In the course of time some of the minor dialect and language groups have lost their identity as they have assimilated with developed languages. A study of historical linguistics reveals that India has gone through different phases of language development and the present linguistic map of India is a product of these historical developments.
II. Language and Dialect:
Human beings use a system of language for communication which distinguishes them from the rest of the animal kingdom. It was through language that communication between the different members of a human group started in the early stages of social evolution. Language thus facilitated multiple forms of human cooperation. A structured language was the invention of the human mind, and the most effective tool of communication. In the course of time, several speech communities are formed, each occupying a chunk of a geographically contiguous space (Fig. 1).
Source: Language Divergence in Space, Social Geography by A. Ahmad, Rawat Publications (2004), p. 278
Each language eventually expands over a territory, homogeneous in terms of its language structure—vocal sounds, words, sentences and conventionalized symbols. When a language is written in a script it lends to stabilize its distinguishing features and promotes communica-tion over long distances between people.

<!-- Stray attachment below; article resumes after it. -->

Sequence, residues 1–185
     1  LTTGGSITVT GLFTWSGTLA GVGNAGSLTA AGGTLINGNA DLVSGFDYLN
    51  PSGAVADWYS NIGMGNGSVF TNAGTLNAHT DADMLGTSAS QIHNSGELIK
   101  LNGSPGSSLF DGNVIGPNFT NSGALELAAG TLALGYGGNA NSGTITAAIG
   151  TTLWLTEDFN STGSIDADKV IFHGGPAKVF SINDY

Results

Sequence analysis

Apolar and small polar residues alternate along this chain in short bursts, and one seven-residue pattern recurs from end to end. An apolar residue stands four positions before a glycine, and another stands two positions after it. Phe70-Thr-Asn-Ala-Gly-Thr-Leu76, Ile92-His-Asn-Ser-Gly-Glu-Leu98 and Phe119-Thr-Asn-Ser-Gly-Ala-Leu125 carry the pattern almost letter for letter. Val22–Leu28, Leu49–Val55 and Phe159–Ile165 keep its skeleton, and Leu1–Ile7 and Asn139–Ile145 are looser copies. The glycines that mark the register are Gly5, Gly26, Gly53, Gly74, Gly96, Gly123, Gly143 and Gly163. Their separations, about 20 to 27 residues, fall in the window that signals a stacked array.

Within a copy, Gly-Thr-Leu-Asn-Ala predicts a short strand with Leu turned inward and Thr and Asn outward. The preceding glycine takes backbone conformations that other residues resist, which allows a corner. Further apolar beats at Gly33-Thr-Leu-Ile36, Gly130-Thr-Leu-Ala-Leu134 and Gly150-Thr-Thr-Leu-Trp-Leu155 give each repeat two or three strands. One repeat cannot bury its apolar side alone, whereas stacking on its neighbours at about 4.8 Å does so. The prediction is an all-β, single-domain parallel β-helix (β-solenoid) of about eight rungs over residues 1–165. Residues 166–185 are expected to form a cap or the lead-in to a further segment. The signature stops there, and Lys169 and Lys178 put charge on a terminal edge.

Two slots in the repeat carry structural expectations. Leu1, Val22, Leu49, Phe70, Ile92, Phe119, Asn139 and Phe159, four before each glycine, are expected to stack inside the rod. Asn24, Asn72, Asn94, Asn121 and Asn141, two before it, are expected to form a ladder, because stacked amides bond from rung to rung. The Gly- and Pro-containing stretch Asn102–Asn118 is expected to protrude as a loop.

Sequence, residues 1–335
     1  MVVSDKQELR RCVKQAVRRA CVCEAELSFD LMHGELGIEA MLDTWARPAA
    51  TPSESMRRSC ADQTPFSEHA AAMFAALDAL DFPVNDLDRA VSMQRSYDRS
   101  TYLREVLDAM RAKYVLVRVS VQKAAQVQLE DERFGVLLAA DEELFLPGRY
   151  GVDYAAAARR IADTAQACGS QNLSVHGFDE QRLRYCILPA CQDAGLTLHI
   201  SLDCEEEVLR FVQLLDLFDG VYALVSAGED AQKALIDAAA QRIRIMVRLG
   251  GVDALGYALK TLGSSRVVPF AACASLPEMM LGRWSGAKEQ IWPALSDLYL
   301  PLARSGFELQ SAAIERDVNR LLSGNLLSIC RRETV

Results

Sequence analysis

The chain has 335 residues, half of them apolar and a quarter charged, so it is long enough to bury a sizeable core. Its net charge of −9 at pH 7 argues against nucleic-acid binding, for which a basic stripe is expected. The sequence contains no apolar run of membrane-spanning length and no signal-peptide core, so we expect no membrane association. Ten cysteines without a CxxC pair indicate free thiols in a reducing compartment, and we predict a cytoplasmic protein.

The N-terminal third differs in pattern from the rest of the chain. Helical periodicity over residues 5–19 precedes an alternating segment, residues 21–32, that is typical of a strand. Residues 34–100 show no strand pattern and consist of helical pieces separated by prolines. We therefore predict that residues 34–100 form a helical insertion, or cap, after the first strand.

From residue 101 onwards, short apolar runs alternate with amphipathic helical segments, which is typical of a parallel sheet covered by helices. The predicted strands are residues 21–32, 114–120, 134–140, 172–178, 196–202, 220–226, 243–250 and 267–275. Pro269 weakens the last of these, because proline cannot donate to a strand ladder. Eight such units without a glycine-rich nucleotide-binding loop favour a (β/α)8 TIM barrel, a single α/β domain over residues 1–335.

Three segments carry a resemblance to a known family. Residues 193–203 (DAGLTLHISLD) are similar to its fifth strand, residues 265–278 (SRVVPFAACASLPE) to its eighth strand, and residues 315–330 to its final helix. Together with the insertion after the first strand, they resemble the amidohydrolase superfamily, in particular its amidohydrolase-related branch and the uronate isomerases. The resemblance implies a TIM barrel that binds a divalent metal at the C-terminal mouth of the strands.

III. India as a Linguistic Area:
India’s unity as a socio-linguistic area is quite impressive in spite of the widely perceived linguistic diversity that exists in India. Several linguists have analysed the basic elements of India as a socio-linguistic area. For example, Khubchandani (1975) described language as an
‘autonomous system’ and recognized the major characteristics of the speech forms of modem India. He opines that each region in the country is characterized by the plurality of not only cultures but of languages too “with a unique mosaic of verbal experience”. He stated that India presents a striking example of the process of diffusion through its modern languages be it grammatical or phonetic. Some of the basic elements of India’s linguistic unity may be seen in the nature of language boundaries as they are usually fuzzy. Moreover, there exists fluidity in language identity and complementarity of inter-group and intra-group communication.